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November 17, 2003
Volume 81, Number 46
CENEAR 81 46 p. 70
ISSN 0009-2347

Correction of Debye theory to predict dielectric constants of polar liquids had far-reaching effect


Yale University professor Lars Onsager first sent his paper on electric moments of molecules in liquids to Physikalische Zeitschrift, a journal edited by Petrus J. W. (Peter) Debye, but Debye turned it down. John G. Kirkwood, then a research fellow with Debye in Leipzig, convinced Onsager to write an English version and submit it to the Journal of the American Chemical Society, which published it [J. Am. Chem. Soc., 58, 1486 (1936)] (PDF file).

NEW CONCEPT Onsager showed how Debye's theory of dipoles could be extended to polar solvents. COURTESY OF YALE UNIVERSITY NEWS BUREAU
The paper, which is the sixth most highly cited JACS paper, corrected Debye's formula relating the dielectric constant of a polar substance to the molecular dipole moment. Debye's formula includes the polarizability of the molecule, its permanent electric moment, the dielectric constant, and the energy of thermal agitation. Onsager served as a research assistant for Debye from 1926 to 1928.

"Debye's original theory is still used today to determine dipole moments of molecules dissolved in nonpolar solvents by measuring the dielectric constant of the solution," says John F. Kauffman, a chemistry professor at the University of Missouri, Columbia.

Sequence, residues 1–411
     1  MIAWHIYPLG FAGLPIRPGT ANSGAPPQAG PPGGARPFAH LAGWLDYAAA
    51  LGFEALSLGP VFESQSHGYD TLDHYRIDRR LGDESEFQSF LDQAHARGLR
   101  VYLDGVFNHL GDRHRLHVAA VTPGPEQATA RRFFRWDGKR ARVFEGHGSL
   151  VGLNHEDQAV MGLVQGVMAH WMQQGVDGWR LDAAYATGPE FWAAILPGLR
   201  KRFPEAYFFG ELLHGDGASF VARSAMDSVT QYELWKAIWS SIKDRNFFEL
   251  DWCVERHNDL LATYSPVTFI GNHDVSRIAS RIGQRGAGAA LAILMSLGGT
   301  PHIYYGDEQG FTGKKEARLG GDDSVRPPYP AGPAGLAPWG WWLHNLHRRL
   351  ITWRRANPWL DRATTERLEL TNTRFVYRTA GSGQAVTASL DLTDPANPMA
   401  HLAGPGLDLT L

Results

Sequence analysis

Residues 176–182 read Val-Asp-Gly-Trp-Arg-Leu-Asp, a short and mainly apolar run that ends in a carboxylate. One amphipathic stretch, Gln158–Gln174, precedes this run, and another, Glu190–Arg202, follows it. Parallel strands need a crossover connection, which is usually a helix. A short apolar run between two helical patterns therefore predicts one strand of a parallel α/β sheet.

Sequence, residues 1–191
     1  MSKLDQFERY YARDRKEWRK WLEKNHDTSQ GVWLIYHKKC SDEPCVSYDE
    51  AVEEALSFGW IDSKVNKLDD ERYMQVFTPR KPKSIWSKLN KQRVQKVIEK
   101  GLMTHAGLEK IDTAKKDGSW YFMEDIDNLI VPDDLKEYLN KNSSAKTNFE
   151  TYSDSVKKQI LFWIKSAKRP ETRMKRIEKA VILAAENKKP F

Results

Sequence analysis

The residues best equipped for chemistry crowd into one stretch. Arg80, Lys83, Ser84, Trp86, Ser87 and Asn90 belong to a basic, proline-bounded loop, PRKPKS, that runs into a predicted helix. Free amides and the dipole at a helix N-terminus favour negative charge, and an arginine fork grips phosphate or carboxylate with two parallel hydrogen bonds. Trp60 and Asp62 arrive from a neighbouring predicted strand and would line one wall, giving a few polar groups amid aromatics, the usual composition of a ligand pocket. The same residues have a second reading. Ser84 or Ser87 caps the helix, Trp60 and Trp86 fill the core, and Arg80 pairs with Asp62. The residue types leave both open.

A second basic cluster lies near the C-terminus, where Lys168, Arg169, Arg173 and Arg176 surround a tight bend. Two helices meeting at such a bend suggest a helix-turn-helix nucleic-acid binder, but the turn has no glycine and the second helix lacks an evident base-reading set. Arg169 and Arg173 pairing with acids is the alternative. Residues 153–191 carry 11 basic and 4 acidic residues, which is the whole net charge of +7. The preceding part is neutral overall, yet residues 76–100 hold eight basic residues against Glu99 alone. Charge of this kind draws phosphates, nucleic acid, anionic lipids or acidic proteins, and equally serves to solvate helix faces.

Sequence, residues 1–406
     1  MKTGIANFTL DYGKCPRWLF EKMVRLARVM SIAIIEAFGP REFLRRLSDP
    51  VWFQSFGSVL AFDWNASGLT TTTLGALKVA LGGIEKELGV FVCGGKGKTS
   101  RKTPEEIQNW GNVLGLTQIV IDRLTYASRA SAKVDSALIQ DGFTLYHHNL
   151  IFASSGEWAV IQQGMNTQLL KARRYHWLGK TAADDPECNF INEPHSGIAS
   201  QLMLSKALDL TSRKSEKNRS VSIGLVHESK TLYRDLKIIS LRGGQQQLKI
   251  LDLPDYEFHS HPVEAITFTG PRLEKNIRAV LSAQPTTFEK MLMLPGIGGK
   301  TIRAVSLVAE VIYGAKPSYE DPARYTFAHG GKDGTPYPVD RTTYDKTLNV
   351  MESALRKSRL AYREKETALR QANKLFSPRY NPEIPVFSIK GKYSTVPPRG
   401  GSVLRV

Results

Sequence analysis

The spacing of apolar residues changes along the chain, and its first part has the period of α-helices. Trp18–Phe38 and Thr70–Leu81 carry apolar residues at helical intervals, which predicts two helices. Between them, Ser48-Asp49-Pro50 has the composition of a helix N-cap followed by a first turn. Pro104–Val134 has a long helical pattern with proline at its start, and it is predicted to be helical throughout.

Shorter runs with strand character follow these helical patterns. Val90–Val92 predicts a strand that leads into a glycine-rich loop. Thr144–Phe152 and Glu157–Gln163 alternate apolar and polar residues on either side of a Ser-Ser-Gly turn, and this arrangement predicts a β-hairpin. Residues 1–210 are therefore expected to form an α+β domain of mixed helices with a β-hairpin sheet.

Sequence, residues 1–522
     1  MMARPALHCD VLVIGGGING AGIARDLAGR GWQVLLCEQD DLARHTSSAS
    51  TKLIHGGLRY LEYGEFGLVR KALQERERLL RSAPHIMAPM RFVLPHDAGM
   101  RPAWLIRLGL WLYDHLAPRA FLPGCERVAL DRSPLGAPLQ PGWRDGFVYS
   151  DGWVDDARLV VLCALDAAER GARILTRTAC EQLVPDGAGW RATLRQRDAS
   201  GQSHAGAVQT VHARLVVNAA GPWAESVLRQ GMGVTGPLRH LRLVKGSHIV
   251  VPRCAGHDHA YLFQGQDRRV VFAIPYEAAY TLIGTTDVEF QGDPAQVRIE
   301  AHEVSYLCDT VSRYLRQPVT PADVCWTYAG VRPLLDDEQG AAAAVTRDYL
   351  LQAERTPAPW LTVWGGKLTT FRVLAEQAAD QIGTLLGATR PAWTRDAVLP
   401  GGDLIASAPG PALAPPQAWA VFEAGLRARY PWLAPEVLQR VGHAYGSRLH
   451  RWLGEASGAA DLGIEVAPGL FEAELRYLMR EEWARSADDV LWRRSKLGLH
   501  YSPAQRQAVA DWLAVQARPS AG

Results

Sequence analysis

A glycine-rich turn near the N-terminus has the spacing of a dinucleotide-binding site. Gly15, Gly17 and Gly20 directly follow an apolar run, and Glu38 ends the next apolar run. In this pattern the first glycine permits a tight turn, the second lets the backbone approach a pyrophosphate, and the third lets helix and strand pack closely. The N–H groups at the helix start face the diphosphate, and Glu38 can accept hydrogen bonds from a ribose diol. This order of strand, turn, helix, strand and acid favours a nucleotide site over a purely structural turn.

The problem was that Debye's formula didn't work for polar liquids. "At the time," Kauffman says, "a common explanation was that 'association effects' due to dipole-dipole interactions could not be properly accounted for in the Debye theory. Onsager sought to correct this misconception by performing an analysis of the interaction of a dipolar solute molecule with the electric field that is produced as the result of the polarization of the surrounding solvent by the solute molecule."

Debye's theory predicted a "ferroelectric Curie point," a temperature below which the molecule would be in a stable state of permanent electric polarization, much like the permanent magnetic polarization of iron. In his paper, Onsager pointed out that such electric polarization states are actually quite rare.

Onsager introduced the concept of a "reaction field" to deal with the problem. This reaction field is the electric field experienced by a polar molecule when it's surrounded by oriented polar solvent molecules. Onsager showed that with this correction the Debye theory properly predicts dielectric constants of pure polar liquids from their dipole moments.

"Onsager single-handedly reversed the pessimism regarding the ability to understand polar liquid behavior," says Patrik R. Callis, a chemistry professor at Montana State University.

"The theory had far-reaching influence on the field of solvent effects on chemical reactions," Kauffman says. "Any time a polar solute exists in a polar solvent, which of course occurs often, the energy of the solute is affected by the reaction field."